Building on the viral success of his start-ups Invisible Girlfriend and Invisible Boyfriend – services that make it look like you are in a relationship even when you are not – founder Matthew Homann will now launch Intangible Lawyer, a service that will make it look like you have a lawyer even if you cannot afford one.

IntangibleLawyer“There are far too many people in this country who cannot get access to a real lawyer,” Homann said. “With Intangible Lawyer, at least they’ll be able to make it appear that they have a lawyer, even if they’ll still have to represent themselves.”

The spin-off is a natural for Homann. Before becoming a pseudo-dating entrepreneur,  he was a practicing attorney for many years.

The Invisible Girlfriend and Boyfriend services describe themselves as helping customers “tell a story about a relationship you aren’t actually in.” When someone signs up for either of the services, they receive realistic texts, voicemails, handwritten notes and gifts from the invisible significant other. The service costs $24.99 a month.

When Invisible Girlfriend and Invisible Boyfriend launched earlier this year, they received international media attention and went viral on social media.

Intangible Lawyer will build on the same premise. When you first sign up, you will be able to select the type of lawyer you need. Options will include Divorce Lawyer, Criminal Lawyer, Corporate Lawyer, Personal Injury Lawyer and several other common practice areas. You will also be able to select whether the lawyer is male or female and choose from an array of personality types that range from “bulldog” to “pussycat.”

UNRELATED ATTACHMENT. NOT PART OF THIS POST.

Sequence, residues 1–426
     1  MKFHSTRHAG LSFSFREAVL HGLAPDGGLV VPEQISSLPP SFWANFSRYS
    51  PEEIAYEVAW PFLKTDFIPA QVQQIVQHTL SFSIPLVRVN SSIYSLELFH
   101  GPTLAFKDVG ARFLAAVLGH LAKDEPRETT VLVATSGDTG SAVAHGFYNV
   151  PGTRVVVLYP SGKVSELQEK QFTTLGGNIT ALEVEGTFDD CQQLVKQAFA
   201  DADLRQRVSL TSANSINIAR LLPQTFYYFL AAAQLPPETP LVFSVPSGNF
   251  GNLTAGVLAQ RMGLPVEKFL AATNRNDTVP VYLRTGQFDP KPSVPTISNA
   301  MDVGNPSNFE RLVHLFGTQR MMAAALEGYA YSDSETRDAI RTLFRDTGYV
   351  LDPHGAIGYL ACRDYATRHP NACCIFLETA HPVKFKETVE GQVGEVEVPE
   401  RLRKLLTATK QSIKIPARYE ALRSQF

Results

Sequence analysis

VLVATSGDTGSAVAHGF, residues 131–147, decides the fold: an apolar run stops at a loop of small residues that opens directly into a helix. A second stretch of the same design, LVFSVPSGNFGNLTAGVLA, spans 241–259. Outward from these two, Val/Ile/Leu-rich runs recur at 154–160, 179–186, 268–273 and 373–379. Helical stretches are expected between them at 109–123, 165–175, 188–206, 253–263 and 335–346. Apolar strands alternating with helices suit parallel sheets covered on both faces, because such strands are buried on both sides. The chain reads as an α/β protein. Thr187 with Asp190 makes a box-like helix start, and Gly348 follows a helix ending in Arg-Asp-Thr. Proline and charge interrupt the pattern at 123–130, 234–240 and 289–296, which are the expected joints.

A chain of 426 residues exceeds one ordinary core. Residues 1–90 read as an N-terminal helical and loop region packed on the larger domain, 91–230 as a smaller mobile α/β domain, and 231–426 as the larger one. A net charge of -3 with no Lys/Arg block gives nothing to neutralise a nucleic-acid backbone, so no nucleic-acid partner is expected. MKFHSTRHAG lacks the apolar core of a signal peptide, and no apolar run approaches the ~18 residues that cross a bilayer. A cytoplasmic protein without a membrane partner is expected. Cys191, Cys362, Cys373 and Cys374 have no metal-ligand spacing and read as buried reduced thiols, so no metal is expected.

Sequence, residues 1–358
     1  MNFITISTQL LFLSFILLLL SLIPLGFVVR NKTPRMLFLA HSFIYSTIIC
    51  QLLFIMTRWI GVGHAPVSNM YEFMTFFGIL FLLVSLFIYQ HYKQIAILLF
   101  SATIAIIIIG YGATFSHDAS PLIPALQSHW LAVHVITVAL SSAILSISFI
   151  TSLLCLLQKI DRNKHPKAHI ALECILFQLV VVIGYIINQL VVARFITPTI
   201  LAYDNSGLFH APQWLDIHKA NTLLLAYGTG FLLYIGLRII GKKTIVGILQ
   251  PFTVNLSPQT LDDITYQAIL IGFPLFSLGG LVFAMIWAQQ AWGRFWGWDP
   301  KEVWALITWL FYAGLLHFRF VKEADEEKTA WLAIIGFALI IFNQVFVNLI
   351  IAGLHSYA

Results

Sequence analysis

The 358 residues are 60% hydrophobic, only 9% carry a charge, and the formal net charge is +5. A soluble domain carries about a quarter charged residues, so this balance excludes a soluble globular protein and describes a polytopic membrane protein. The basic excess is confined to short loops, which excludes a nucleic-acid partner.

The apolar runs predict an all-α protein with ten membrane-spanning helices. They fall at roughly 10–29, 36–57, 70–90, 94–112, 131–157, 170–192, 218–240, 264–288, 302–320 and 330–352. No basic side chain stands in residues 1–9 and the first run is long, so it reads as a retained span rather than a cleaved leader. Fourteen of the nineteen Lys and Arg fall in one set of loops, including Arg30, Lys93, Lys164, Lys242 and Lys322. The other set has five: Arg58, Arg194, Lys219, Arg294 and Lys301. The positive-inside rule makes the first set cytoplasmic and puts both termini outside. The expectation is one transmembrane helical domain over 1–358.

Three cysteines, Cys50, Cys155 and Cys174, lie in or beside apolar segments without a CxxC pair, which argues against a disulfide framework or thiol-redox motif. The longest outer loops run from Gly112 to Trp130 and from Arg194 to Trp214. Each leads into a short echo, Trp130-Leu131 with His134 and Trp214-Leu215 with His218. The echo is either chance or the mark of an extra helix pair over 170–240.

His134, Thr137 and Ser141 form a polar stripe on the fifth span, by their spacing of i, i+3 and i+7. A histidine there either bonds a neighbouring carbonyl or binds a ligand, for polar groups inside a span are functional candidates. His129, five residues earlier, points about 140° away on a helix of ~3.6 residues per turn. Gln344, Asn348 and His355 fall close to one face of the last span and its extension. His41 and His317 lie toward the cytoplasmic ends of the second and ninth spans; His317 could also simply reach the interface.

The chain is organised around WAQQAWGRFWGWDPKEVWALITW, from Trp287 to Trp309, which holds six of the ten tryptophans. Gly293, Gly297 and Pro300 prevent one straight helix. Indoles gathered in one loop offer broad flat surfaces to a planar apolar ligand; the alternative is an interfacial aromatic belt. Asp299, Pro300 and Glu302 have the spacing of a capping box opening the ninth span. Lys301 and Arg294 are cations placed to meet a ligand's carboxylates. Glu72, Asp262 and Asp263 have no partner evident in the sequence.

Subscribers to Intangible Lawyer will receive:

  • A monthly “invoice” for legal fees on the lawyer’s legal letterhead.
  • A business card imprinted with the fake lawyer’s name and address.
  • One demand letter on the lawyer’s stationary every six months, customized to whatever it is you want to demand.
  • A phone number you can call and leave a message for the Intangible Lawyer.
  • Access to a “client portal” where you can download assorted official-looking legal documents.

One clever feature planned for the new service is the strategically timed phone call. Say you are at a meeting at work or out with friends and want to impress them with the fact that you have your very own lawyer. You will be able to send a discreet text to a designated number and Intangible Lawyer will have an actual human call you and pretend to be your lawyer in a voice loud enough for others to hear. Or, if you want to set a different tone, you can explain to your friends that you need to step away to take the call in privacy.

The monthly subscription price will be the same as for the other services, $24.99.

For subscribers who are in a troubled marriage, a special package will be offered. They will be able to get both an Intangible Divorce Lawyer and either an Invisible Girlfriend or Invisible Boyfriend, depending on the subscriber’s preference. The package will cost $44.99 and include a bonus phone call to the subscriber’s estranged spouse. The subscriber will be able to choose whether to have the call come from the lawyer or the girlfriend/boyfriend.

“It’s bad enough that people in this country have to go without adequate legal representation,” Homann said. “They shouldn’t also have to be embarrassed about it. Our goal is to give them a lawyer others can believe in.”

Asked why he did not call the service “Invisible Lawyer” to be consistent with his other services, Homann explained, “That name was already taken.”

As for why he chose April 1 to announce the new service, Homann replied, “Is it April already? I’ve been so busy I hadn’t noticed.”

Photo of Bob Ambrogi Bob Ambrogi

Bob is a lawyer, veteran legal journalist, and award-winning blogger and podcaster. In 2011, he was named to the inaugural Fastcase 50, honoring “the law’s smartest, most courageous innovators, techies, visionaries and leaders.” Earlier in his career, he was editor-in-chief of several legal publications, including The National Law Journal, and editorial director of ALM’s Litigation Services Division.